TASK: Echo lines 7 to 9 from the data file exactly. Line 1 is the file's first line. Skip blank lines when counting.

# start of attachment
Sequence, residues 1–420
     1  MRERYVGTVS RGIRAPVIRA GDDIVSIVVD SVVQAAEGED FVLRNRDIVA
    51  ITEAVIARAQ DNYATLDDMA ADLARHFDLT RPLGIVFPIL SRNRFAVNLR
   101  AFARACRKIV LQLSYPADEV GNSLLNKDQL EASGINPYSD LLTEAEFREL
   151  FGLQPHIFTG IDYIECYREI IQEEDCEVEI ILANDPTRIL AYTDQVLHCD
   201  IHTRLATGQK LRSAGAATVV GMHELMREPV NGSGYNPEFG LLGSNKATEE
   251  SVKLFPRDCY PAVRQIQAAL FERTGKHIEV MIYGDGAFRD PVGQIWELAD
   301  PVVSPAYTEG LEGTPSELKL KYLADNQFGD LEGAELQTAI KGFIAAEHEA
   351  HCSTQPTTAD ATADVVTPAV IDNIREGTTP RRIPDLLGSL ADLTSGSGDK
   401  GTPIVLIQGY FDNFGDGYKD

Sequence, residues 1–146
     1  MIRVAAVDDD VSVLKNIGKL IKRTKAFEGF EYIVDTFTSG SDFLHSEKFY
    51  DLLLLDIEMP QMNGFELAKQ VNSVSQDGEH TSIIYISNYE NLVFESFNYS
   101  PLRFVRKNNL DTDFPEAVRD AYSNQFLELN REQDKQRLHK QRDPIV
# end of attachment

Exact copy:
   251  SVKLFPRDCY PAVRQIQAAL FERTGKHIEV MIYGDGAFRD PVGQIWELAD
   301  PVVSPAYTEG LEGTPSELKL KYLADNQFGD LEGAELQTAI KGFIAAEHEA
   351  HCSTQPTTAD ATADVVTPAV IDNIREGTTP RRIPDLLGSL ADLTSGSGDK